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So the portrayal of women in games has become a hot topic again, partly because of the Tomb Raidermolestation charges and that incredibly shameful Kickstarter incident. And this is a good thing, because even if the forum arguments endlessly circle the same drain as always, as long as the topic at least remains at the forefront of our conscious minds it becomes more likely that the problem will be addressed.

I actually kind of regretted bringing it up in my Zero Punctuation review of Lollipop Chainsaw, because I don’t think any of the characters in that game can be taken seriously enough for the gender politics to be an issue. Yes, Juliet Starling is incredibly sexualized in appearance, but she can’t be considered either desirable to men or emulatable by women because she’s fucking nuts and demonstrates her affection for boys by carrying their disembodied heads around.

But anyway, inequality is a capital-letters Bad Thing. Well, “bad” might not be the right word. “Irrational” is better. And videogames can’t take the whole blame for it, what with the volcanic quantities of movies that fail the Bechdel test and basically the entirety of human culture as a whole. But let’s face it, videogames is possibly the medium in which it gets the most out of hand. Except maybe comic books. Our industry of choice might not have invented the string bikini, but we are the ones who persistently pretend that it’s appropriate battle dress as we position the camera directly behind the heroine’s wiggling bum.

Never attribute to malice what can easily be attributed to stupidity, and don’t attribute Ivy from Soul Calibur‘s probably very armored underpants to some innate misogyny or conscious belief that every feminine thing in the universe exists to be jerked off to. The audience gets what it deserves, after all; tits only persist because more people have been proven to buy them, and big companies can be trusted only to emotionlessly take the path of least financial resistance. But the ridiculous underdressing of videogame females is just a symptom of the mainstream industry’s big underlying problem. The root of almost every issue I have with triple-A release standards. The shadowy figure lurking behind Ivy’s tits, War from Darksiders‘ stupid fucking armor, and the persistent nuking of major European cities in realistic war games. It’s excess. That’s the big problem. Excess, and the mindless pursuit of it.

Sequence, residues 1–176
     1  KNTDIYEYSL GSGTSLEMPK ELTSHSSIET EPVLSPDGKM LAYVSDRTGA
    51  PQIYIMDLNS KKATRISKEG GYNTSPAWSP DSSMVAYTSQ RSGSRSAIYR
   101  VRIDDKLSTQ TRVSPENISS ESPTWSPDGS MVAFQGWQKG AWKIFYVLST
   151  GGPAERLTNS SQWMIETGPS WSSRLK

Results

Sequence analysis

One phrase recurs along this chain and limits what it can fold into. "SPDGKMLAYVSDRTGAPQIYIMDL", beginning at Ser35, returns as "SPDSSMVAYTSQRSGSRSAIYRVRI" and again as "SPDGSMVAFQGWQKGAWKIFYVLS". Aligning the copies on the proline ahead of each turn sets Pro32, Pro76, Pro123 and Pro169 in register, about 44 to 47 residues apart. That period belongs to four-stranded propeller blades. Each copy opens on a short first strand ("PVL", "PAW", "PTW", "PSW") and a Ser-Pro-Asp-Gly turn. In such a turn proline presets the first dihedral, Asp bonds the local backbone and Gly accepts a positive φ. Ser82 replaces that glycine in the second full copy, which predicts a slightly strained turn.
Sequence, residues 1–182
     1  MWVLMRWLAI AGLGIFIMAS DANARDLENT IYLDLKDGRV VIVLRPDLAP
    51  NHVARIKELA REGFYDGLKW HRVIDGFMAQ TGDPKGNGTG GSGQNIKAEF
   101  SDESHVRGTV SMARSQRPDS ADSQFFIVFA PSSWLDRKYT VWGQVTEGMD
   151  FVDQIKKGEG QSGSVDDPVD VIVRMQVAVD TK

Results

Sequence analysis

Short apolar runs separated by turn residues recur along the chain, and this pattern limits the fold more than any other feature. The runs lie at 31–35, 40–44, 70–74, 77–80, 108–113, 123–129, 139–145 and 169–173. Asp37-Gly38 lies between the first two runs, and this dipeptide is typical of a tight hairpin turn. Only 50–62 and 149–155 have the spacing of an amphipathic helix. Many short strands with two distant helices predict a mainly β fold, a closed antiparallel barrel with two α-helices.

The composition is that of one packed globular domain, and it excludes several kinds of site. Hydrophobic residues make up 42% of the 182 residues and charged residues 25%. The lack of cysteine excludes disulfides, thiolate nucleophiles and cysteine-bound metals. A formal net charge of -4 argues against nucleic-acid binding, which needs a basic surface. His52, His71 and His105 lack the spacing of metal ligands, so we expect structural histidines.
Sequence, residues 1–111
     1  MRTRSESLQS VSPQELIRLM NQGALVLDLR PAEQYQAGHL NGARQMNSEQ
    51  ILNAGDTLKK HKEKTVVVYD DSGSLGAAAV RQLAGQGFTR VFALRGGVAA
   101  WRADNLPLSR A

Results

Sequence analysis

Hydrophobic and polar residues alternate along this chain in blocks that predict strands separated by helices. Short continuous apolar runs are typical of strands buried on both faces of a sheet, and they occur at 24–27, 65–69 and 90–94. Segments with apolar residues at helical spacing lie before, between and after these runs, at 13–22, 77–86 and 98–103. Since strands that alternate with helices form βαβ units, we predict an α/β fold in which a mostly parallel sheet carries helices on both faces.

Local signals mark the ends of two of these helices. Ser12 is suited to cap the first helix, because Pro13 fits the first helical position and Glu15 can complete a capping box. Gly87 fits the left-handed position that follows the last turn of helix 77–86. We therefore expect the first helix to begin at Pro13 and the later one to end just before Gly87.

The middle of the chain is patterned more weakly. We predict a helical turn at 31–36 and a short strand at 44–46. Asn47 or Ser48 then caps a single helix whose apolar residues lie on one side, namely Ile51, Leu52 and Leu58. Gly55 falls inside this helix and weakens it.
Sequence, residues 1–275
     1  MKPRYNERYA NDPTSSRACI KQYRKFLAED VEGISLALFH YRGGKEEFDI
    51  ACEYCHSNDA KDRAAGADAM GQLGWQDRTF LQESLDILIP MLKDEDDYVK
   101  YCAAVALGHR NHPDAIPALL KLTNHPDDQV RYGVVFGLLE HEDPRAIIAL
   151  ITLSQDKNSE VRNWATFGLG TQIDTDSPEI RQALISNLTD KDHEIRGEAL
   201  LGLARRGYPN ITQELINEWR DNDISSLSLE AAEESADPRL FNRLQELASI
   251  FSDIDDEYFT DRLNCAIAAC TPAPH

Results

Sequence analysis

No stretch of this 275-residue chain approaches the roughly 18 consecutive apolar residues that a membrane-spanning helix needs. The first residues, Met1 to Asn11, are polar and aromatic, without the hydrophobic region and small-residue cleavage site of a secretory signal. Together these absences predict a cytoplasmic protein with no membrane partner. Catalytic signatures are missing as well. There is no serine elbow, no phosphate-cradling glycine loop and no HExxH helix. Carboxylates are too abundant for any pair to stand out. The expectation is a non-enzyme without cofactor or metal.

And this issue goes deep, into the very grain of videogames. The pursuit of excess has been with videogaming throughout its entire evolution, and it’s always difficult to rid ourselves of such basic, instinctual things, in the same way human beings will probably never shake off instinctual racism or the tendency to eat one’s own snot. The pursuit of excess is an inevitable result of videogames being so closely tied to the cutting edge of technological development.

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The first home consoles rendered graphics that can be fairly faithfully reproduced by arranging Weetabixes on a dining table. When your user base can count the pixels on the screen from fifty paces then the obvious step when marketing a rival product is that it can render more Weetabixes than its dowdy old predecessor. And the only way you’re going to bring that across is to have games that push the new Weetabix capacity to its limits. Last generation we could only show one pixel firework exploding at a time, but with the added new Shredded Wheat processor, now we can have TWO. Perhaps even THREE. In a hypothetical future generation we picture limitless fireworks flying out of the player character’s bum on command. Buy it, you rabble.